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Local News

Nonprofit group to aid Chinese Immersion education

Parent council advocates for funds, programs in D220

District 220 Chinese Immersion program students participated in the Barrington High School homecoming parade last year (2013).
District 220 Chinese Immersion program students participated in the Barrington High School homecoming parade last year (2013).

BARRINGTON – The Barrington Chinese Immersion Council received its 501c3 designation just a few weeks ago and members are anxious to further support the Bridge to Chinese Program in Barrington Community Unit School District 220.

Knowing the school district only has so many resources it can designate to the Chinese program, a group of parents with children involved in the program began talking roughly three years ago about what they could do to support the program.

Knowing the school district only has so many resources it can designate to the Chinese program, a group of parents with children involved in the program began talking roughly three years ago about what they could do to support the program.

How the council does that, is still to be determined. It has been discussed that the council would help with cultural events for the students and the community at large, and generally just supplement and expand on whatever the school district can supply.

“Obviously, the school district has limited funds, so our goal, now that we have a 501c3, is to really kick our fundraising into gear and raise some money,” Windon said.

Although the Barrington Chinese Immersion Council was officially formed in May 2014, parents involved has already been supporting the program, according to Jennifer Barnabee, director of Extended Services and Bridge to Chinese.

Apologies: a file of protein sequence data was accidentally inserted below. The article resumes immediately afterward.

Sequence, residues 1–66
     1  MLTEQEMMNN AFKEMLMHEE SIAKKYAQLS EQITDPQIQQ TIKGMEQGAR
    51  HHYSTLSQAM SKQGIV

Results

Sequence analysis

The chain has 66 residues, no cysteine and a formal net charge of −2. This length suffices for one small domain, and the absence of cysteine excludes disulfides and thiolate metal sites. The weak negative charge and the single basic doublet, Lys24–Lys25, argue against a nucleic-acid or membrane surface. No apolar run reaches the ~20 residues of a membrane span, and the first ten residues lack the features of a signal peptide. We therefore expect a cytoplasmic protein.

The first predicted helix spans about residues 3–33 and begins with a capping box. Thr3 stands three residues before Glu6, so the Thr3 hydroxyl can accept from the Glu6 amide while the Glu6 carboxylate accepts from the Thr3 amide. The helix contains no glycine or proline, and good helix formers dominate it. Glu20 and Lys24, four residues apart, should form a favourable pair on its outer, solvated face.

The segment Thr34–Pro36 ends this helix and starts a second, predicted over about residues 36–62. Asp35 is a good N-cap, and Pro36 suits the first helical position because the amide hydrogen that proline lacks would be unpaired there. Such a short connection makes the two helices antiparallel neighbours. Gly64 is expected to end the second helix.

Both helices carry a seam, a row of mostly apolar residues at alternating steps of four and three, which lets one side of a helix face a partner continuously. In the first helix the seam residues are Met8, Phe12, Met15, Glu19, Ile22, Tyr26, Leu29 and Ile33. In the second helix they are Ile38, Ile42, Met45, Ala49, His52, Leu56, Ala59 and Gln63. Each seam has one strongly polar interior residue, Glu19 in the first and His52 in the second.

Barnabee said the group has already helped put together dragon boat racing and kite flying events.

The Bridge to Chinese program currently boasts 10 classes, with two classes at each grade level from kindergarten through fourth grade. Two additional kindergarten classes will be added in the 2015-16 school, so there will be two classes in each grade level from kindergarten through fifth grade. The program is housed at North Barrington Elementary School, Barbara B. Rose Elementary School and Countryside Elementary School.

Roughly 190 students are currently enrolled. Students spend half their day being taught in Chinese by Chinese-speaking teachers and half their day is taught in English by English-speaking teachers. The students cover all of the subjects covered in a traditional classroom.

As students graduate to the junior high school level, Barnabee said the intent is for the program to be housed at Barrington Middle School-Station Campus. Though the district is still researching how to run it at the middle school level, the current thought is that students will continue with a Chinese foreign language class and then take an additional class in Chinese, possibly social studies.

Windon, who has two children enrolled in the program, is amazed on a daily basis at what his children are learning.

“It’s fascinating for me to see how fast they learn this other language,” Windon said.

His daughter Maggie, a kindergartner in the program at North Barrington School, already counts, sings songs and knows many words in Chinese. His son Clayton, a fourth grader at Barbara B. Rose School, can do all of that, plus read books in Chinese and read signs in Chinatown.

“The reason my wife and I were excited about this program… is there’s a lot of educational research that shows that learning another language at a young age impacts their brain development,” Windon said.

Students are accepted into the program as kindergartners or first graders, as space allows. Class sizes have been roughly 20 students. Applications for enrollment in the classes starting in Fall 2015, will be accepted beginning in Feb. 2015.

The Barrington Chinese Immersion Council is open to parents of students in the program and the board will be looking for additional members and volunteers. The goal is to work with the district and support it and the Chinese program however it can.

“We think this is an incredible program and we are very supportive,” Windon said.

A Barrington Chinese Immersion Council meeting is scheduled for Oct. 28, time and location still to be determined.

For more information on becoming part of the Barrington Chinese Immersion Council, email bcic220@gmail.com.

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